SELECT TRUNC_MONTH(sales_time) AS month_beginning, SUM(gross) AS total, COUNT(*) AS transactions FROM sales WHERE sales_time >= TRUNC_YEAR(CURRENT_DATE() - INTERVAL 1 YEAR) AND sales_time < TRUNC_YEAR(CURRENT_DATE()) GROUP BY TRUNC_MONTH(sales_time) ORDER BY TRUNC_MONTH(sales_time)

## Indexes and efficiency

When time series data tables are very large, indexes on DATETIME columns can be very helpful to speed up queries. In our example sales table, this is the index to use:

ALTER TABLE sales ADD INDEX sales_time (sales_time) USING BTREE;

When a BTREE index like this is present, a WHERE clause like the one in the previous section uses it to do a very efficient range scan. Notice that it’s possible to write WHERE clauses in ways that make indexes useless, however. For example:

WHERE TRUNC_YEAR(sales_time) = /* inefficient! */ TRUNC_YEAR(CURRENT_DATE() - INTERVAL 1 YEAR)

will correctly retrieve all sales from last year. However, because it applies a function to the value of the column it’s using to search, it cannot use the index. So it will go through the whole table row by row, compute TRUNC_YEAR(sales_time), and compare it.

## Stored Functions Definitions

These are the MySQL definitions of the stored TRUNC functions.

https://gist.github.com/OllieJones/267245848ebc1853c261#file-stored_procs

You are free to use these for any purpose you wish.

Notice that you could create MSSQL, Oracle, or PostGreSQL implementations of these functions. If you did that you’d make your time-interval reporting SQL more portable between makes and models of RDBMS.

Is there a database-agnostic way to do this with basic SQL syntax that isn’t specific to MySQL? I would like to accomplish a similar effect in SAS (which is terrible for this kind of thing but it’s all my employer has granted to me).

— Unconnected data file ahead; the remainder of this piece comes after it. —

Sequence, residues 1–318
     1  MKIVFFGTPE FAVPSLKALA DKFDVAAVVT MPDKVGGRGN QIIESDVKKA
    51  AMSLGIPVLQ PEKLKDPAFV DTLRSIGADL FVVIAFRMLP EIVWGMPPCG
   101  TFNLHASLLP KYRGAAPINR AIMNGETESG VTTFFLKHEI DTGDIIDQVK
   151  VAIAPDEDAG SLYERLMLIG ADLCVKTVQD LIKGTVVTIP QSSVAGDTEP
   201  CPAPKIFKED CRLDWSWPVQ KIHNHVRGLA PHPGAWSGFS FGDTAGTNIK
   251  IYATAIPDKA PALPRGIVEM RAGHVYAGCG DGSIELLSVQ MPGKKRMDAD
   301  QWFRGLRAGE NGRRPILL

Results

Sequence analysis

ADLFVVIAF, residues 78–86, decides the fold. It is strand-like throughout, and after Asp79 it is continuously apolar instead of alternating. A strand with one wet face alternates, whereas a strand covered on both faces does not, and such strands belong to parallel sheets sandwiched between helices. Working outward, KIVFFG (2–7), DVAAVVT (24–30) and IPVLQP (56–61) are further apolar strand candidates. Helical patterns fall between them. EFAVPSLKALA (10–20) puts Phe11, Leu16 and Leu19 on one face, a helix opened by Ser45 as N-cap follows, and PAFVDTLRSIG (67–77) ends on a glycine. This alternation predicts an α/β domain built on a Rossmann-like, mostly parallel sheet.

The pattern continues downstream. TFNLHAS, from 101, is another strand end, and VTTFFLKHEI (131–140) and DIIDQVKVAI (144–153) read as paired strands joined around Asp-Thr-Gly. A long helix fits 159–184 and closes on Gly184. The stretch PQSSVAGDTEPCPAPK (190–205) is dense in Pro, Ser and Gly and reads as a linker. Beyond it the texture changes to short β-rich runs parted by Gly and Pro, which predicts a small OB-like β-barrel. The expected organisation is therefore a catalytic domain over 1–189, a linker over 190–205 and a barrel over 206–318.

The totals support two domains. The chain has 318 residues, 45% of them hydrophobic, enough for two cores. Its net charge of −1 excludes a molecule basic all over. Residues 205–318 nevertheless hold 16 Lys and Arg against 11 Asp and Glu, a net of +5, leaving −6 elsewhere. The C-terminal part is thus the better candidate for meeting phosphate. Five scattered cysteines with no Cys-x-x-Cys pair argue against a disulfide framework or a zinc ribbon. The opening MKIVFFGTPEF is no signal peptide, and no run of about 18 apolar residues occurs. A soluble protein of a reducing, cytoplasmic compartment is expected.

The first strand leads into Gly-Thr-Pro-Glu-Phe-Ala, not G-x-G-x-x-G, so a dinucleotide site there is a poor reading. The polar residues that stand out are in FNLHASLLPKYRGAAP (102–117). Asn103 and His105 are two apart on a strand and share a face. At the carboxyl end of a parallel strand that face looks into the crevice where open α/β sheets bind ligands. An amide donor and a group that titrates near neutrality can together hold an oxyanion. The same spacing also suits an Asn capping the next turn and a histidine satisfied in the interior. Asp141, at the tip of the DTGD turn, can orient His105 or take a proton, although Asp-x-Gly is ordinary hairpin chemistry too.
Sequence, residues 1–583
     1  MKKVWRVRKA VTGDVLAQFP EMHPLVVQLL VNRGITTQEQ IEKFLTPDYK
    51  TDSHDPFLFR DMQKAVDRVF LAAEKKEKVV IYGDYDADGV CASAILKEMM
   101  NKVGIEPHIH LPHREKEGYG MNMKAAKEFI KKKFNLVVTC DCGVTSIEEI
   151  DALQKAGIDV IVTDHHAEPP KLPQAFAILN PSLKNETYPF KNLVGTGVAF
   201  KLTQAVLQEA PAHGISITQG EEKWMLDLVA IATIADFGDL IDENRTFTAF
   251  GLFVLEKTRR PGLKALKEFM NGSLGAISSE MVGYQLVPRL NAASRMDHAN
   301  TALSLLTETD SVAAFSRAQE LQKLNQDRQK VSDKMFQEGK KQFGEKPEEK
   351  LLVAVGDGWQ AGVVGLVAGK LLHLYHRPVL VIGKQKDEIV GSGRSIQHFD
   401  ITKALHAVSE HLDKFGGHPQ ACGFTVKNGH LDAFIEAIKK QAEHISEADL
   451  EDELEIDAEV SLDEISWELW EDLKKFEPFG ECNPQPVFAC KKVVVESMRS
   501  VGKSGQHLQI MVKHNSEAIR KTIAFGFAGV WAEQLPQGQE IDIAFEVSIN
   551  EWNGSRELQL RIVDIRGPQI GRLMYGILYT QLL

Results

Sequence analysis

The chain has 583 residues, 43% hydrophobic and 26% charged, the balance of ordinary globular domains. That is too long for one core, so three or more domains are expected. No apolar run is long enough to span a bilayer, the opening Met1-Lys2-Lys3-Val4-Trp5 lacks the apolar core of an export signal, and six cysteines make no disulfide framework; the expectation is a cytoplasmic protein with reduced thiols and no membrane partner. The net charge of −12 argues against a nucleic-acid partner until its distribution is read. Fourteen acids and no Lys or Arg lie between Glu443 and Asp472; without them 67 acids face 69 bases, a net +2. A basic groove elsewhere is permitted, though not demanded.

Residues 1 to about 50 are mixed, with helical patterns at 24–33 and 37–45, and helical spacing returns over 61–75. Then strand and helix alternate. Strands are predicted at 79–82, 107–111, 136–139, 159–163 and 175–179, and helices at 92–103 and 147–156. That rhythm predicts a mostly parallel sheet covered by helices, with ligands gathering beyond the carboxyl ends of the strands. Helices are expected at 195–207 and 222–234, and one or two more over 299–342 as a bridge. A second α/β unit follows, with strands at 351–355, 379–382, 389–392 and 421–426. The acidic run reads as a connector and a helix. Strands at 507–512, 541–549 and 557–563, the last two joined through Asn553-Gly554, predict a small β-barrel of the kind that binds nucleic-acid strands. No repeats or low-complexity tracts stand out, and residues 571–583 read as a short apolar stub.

If you use SAS SQL in pass-through mode you need to use the datestamp-truncation functions of the underlying database server. If you it native, in PROC SQL mode, you need documentation about how it handles datestamps internally. These things vary from one dialect of SQL to another. I’ve never used SAS.

There seems to be a lot of sites with bad/mediocre advice on mysql. This site is NOT one of them. Well done Ollie on your clear and concise (not to mention useful) post. Mark, New Zealand.

Thanks for the kind words, Mark. By the way, I’m looking for somebody in the Southern Hemisphere to test the location-finder code on this site, and make sure it works correctly there. If you get an opportunity … Thanks!

Ollie,

What is the difference between sales_date and sales_time? You seem to use them interchangeably in the beginning of the post.

Thanks,

Doug

Doug, you’re right. I’ve corrected the problems.

Thanks, Ollie. I greatly appreciate your efforts to provide clear descriptions and excellent examples. I needed to summarize a time series by week. and your concise explanation was all I needed.

Dave, you’re welcome. Thanks for the kind words!